You worked hard to find the right person to mentor you, so you should get the most out of your time with them. Whether it’s chosen or assigned, mentoring is game-changing professional development outside of your regular management. If you want to become one of the best mentees, then it is time to take the initiative and learn how to ace that first meeting.
Building a relationship
Mentors are your professional cheerleader and friend. So, the first meeting is a great time to get to know one another. Treat it like a coffee date with a friend. You swap stories about overcoming obstacles, imposter syndrome, or proud achievements. The more casual and comfortable you become, the easier it will be to communicate in the future.
Not everyone will expect the same thing from their mentor/mentee. Understanding what will be measured to judge each other’s accountability, improvement, and effort is essential for a lasting relationship. Also, consider discussing any boundaries. For example, someone who wants a more formal mentor/mentee relationship might limit conversations about work and not their personal lives.
Method of communication
Decide with your mentor what platforms you will use to communicate. Do you submit work to review through email or print it out for in-person meetings? If you have a question in-between meetings, can you text them?
Goals and topics
Your mentor could be the professional icon you want to learn everything from, but each meeting is a limited amount of time. Focus on specific topics or goals to get the most out of your relationship. You can always adjust over time if they change.
Agree upon a specific date, time, and place for the meeting. Consistency is the key to extensive improvement. The set time will also benefit you and your mentor if schedules become busy.
Create meeting agendas
Agendas will be your roadmap detailing what to cover at every meeting. Specify what topics to discuss, resources to review, and more. This ensures your mentor has time to prepare the necessary materials, and you know what to work on before every meeting. Remember to be kind to yourself when you can not accomplish everything you want. Agendas can change to reflect your needs.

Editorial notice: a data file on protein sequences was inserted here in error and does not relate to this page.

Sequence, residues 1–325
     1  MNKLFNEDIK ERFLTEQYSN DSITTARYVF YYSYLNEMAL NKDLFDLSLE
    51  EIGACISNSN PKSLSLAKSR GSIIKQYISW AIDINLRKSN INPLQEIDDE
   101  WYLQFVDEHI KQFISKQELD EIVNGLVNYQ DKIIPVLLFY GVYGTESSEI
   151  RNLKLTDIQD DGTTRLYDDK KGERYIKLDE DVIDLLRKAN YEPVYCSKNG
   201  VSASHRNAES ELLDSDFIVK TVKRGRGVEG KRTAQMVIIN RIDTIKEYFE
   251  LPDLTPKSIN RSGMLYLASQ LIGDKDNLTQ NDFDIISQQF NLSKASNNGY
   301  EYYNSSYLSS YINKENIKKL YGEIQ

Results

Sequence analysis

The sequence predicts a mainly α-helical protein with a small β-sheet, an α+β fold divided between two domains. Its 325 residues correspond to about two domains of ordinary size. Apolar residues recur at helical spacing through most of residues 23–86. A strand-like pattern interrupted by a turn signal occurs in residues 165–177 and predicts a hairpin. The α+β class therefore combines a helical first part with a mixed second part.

Mentors to ask their mentee
- What goals do you want to achieve in this mentorship?
- What learning strategies work best for you?
- Who are you looking to connect with that I might know?
- Are there any skills you would like to learn from me?
Mentees to ask their mentor
- What expectations do you have for me?
- How do you measure your accountability?
- What resources (books, seminars, courses) do you suggest?
- What advice do you wish someone told you sooner?
Advice from an IAW mentor
“LaDonna Williams is a commissioned Notary Public, a Certified Notary Signing Agent, and Owner and Operator of Signing With Integrity, LLC. She is passionate about mentoring, training, and developing personnel at both operational and managerial levels to drive success in all business units. LaDonna is also IAW’s Chicago Local Chapter President.”
What is one thing most mentees don’t do but should do during the first meeting?
“Be clear about the support they seek. Do the work to identify what they’d like to gain from the mentor/mentee relationship. If nothing else, it should be the first goal in establishing what the relationship and support will be.”
How much should the mentee control vs. the mentor?
“I’d suggest an equal partnership. Find balance in what works best for both parties. In the event, the mentee needs a more aggressive approach for accountability’s sake that could be factored into the relationship. As a mentor, I would push for accountability, but my time is also valuable and should be respected.”
What advice would you give a first-time mentor/mentee?
“Ask for what you need from your mentor. You have selected someone you either admire, hold in high regard, or have been paired with because they’ve accomplished a similar goal/career path. Use them to get what you need for your next level. Allow yourself to be unmasked and grow from experiences other than your own.”